World Romani Congress

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The World Romani Congress is a series of forums for discussion of issues relating to Roma people around the world. There have been eight World Romani Congresses to date. Among the chief goals of these congresses have been the standardization of the Romany language, improvements in civil rights and education, preservation of the Roma culture, reparations from World War II, and international recognition of the Roma as a national minority of Indian origin.

First World Romani Congress[edit]

The first World Romani Congress was organized in 1971 in Orpington near London, England, United Kingdom, funded in part by the World Council of Churches and the Government of India. It was attended by 23 representatives from nine nations (Czechoslovakia, Finland, Norway, France, Great Britain, Germany, Hungary, Ireland, Spain and Yugoslavia) and observers from Belgium, Canada, India and the United States.[1] Five sub-commissions were created to examine social affairs, education, war crimes, language, and culture. At the congress, the green and blue flag from the 1933 conference of the General Association of the Gypsies of Romania,[2] embellished with the red, sixteen-spoked chakra, was reaffirmed as the national emblem of the Roma people, and the song "Gelem, Gelem" was adopted as the Roma anthem. Usage of the word "Roma" (rather than variants of "gypsy") was also accepted by a majority of attendees; as a result, the International Gypsy Committee (founded in 1965) was renamed the Komiteto Lumniako Romano (International Rom Committee).[3]

Second World Romani Congress[edit]

The second Congress in April 1978, was held in Geneva, Switzerland and attended by 120 delegates from 26 countries. Attendees helped transform the International Rom Committee into the International Romani Union.[3]

Third World Romani Congress[edit]

The third Congress was held in Göttingen, West Germany in May 1981, with 600 delegates and observers from 28 different countries. Attendees supported the call for Roma to be recognized as a national minority of Indian origin. The Porajmos was a major topic of discussion.[3]

Fourth World Romani Congress[edit]

In 1990, the fourth Congress was held in Serock, Poland with 250 delegates attending. Discussion topics included World War II reparations, education, culture, public relations, language, and a Romani language encyclopedia.[3] The International Day of the Roma was also officially declared as April 8, in honour of the first World Romani Congress meeting in 1971.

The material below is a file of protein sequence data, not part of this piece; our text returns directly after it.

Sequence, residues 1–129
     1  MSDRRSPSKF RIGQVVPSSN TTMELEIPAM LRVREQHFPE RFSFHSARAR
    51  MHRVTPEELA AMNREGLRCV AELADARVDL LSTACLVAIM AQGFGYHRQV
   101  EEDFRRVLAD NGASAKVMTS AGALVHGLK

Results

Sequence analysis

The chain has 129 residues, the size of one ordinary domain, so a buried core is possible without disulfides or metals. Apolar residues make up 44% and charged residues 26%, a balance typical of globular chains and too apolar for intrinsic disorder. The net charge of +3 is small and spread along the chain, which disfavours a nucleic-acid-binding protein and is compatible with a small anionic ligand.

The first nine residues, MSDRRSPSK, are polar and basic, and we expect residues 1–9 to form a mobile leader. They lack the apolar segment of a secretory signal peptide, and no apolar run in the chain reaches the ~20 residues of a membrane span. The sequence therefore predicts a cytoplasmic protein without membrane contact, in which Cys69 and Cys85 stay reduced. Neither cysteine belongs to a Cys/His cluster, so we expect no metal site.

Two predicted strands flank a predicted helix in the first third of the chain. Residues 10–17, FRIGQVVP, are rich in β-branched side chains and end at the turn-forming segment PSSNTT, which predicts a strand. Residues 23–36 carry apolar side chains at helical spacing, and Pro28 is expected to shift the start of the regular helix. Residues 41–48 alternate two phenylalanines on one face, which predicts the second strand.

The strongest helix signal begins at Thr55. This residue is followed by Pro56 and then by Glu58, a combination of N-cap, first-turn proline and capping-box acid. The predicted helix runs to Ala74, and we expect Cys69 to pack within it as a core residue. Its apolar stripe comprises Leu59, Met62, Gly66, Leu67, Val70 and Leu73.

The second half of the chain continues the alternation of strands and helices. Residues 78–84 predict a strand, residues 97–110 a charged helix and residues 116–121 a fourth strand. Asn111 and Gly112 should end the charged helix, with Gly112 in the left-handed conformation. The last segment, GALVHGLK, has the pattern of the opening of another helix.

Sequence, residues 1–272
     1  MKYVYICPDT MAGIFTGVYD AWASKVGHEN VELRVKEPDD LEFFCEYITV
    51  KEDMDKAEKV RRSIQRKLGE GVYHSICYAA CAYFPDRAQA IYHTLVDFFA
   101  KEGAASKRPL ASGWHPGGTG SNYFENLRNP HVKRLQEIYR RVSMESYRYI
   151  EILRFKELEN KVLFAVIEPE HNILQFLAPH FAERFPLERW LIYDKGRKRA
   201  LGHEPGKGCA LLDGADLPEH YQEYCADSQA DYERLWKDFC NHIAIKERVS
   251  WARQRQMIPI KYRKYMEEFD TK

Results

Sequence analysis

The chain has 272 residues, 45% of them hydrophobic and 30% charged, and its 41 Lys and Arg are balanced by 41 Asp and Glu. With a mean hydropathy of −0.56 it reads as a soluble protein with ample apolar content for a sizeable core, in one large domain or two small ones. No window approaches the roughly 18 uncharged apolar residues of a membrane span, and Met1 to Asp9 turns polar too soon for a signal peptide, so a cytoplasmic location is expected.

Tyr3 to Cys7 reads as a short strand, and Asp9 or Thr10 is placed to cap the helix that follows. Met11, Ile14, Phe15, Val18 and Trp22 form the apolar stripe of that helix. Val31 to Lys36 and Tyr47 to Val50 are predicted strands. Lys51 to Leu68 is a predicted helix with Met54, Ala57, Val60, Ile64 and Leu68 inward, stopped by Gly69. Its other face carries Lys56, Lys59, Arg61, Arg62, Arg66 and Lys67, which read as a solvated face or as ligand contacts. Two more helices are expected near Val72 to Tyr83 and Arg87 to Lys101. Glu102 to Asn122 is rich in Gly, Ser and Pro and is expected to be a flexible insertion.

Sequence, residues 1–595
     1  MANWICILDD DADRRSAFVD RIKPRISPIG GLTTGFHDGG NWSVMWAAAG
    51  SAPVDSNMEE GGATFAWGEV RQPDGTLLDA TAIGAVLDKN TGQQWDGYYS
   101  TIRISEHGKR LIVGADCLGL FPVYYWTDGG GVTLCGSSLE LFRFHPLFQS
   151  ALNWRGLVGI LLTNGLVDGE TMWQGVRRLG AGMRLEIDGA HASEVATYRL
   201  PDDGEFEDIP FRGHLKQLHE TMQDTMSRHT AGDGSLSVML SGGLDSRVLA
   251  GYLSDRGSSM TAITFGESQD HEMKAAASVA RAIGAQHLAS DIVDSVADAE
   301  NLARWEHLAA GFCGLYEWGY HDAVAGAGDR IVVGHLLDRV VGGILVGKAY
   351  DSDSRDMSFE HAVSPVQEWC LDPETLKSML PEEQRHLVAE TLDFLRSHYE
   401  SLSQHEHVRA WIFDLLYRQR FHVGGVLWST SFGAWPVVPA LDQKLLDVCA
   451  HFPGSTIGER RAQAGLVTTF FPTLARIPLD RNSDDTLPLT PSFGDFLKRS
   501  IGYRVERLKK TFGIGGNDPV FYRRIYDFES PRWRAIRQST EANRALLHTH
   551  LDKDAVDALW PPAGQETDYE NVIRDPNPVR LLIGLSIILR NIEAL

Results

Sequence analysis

Fifth World Romani Congress[edit]

The fifth World Romani Congress was held in Prague, Czech Republic in July, 2000. Emil Ščuka was elected as president of the International Romani Union. The Congress produced the official Declaration of the Romany non-territorial nation.

Sixth World Romani Congress[edit]

The sixth Congress was held in Lanciano, Italy on October 8 & 9, 2004, with participation from over 200 delegates from 39 countries of world. Delegates chose a new president for the International Romani Union (Stanisław Stankiewicz of Poland) and a new president of the World Parliament of the IRU (Dragan Jevremovic of Austria). A new committee was set up to examine issues surrounding women, families and children.

Seventh World Romani Congress[edit]

The seventh Congress was held in Zagreb, Croatia in October 2008. Almost 300 delegates from 28 different countries attended the meeting, which released The Roma Nation Building Action Plan, a document which outlined plans for the development of Romani nationalism and representation. Esma Redžepova (stage name "The Queen of the Gypsies") performed the Romani anthem.

Eighth World Romani Congress[edit]

The eighth Congress was held in Sibiu, Romania in April 2013. Approximately 250 delegates from 34 different countries attended the meeting. Florin Cioabǎ was elected as the new president of the International Romani Union.[4]

References[edit]

  1. ^ Kenrick, Donald (1971), "The World Romani Congress - April 1971", Journal of the Gypsy Lore Society, 50, parts 3-4: 101–108 
  2. ^ Saul, Nicholas; Tebbutt, Susan (2004). The role of the Romanies: images and counter-images of "Gypsies"/Romanies in European cultures. Liverpool University Press. p. 221, fn.2. ISBN 978-0-85323-679-5. 
  3. ^ a b c d Timeline of Romani History - Patrin
  4. ^ [1] Congress Report